During a jury trial, one of the biggest challenges you face as a lawyer is trying to figure out what a jury wants or needs to hear. It’s often difficult to determine how your jury is interpreting the facts and evidence. Currently, lawyers are forced to decode a jurors body language and speculate as to its meaning [this is what Blab looks like from your mobile phone]
This uncertainty is about to stop. In the near future, I believe trials will include real time feedback from jurors, the judge and almost everyone else who may be participating in the event, regardless of their location.
I’m talking about real-time video streaming technology now offered by new and increasingly popular apps like Periscope, Blab and Meerkat. I believe these technologies will change communication as we know it and improve how we will try cases in the future.
Blab, Periscope and Meerkat allow anyone using a mobile device, to live stream from almost anywhere in the world. Unlike ordinary video services, these streaming apps allow your audience regardless of where they are located, to communicate back to you in real time. These communications take the form of real time video and comments on Blab, and real time comments on the other platforms. In the future, I expect new feedback interfaces like video, audio, vibration and color responses to be added into the mix.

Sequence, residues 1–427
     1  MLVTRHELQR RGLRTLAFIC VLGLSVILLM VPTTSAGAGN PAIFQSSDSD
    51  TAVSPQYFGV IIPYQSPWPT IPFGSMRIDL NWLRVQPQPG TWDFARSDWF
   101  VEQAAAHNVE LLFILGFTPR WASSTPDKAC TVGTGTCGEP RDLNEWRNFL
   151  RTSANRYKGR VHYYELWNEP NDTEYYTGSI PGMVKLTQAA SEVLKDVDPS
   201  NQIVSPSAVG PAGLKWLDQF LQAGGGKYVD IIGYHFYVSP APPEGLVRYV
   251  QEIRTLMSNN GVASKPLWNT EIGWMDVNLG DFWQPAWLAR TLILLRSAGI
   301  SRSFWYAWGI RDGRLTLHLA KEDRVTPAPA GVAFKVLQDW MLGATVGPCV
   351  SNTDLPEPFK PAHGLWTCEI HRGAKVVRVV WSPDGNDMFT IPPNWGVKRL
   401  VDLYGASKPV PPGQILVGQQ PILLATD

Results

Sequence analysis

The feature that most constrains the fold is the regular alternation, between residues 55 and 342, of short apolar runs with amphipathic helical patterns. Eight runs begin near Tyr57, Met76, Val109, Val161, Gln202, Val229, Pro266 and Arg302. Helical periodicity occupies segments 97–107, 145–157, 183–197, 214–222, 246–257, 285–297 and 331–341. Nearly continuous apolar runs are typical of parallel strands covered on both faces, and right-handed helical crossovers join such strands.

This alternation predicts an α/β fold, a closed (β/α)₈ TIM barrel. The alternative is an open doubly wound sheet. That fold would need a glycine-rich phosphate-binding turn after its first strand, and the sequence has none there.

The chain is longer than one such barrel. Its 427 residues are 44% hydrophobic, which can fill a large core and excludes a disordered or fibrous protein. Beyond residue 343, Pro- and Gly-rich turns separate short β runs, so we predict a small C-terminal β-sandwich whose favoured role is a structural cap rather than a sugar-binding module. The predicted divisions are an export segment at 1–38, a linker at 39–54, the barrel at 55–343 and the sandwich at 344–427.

I recently used both Periscope and Meerkat to live stream my son’s soccer game to the world. By sharing a video of the game from the sidelines with my iPhone 6, soccer fans were able to view and comment on the play. Some enthusiastically corrected calls made out on the pitch by the referee. One viewer made me smile with his remarks about an AR (sideline referee) interacting with the coach in the heat of battle. The real-time back and forth with my audience created a unique event. I’ve since use all three platforms in business and am hooked!
To understand how upcoming live real-time platforms like Periscope, Meerkat and Blab will change trial practice forever, consider the following:
You’re in the middle of cross-examination and a live video stream is being shared with your jury, judge and court staff. Depending on the court, the video stream is either projected overhead or to a more personal viewing device, like a smartphone or possibly wearable tech like Google Glass or Apple Watch.
As you ask witnesses questions, the jury is sharing instant feedback indicating they are interested in this particular area of inquiry, even suggesting that you dig deeper. Jurors share comments and give you guidance from their screens. Their input and feedback is instantly relayed to you via confidential text, comments, vibrations or colors. In real time, you can tell what they want to know and what is of interest to the 12 people who will be deciding your case. You are free to use the feedback or completely disregard it.
You “make the record” by repeating, in your own words, the jurors’ questions. You disregard input and feedback that either requires an improper question or takes the trial a direction you’re not interested in going.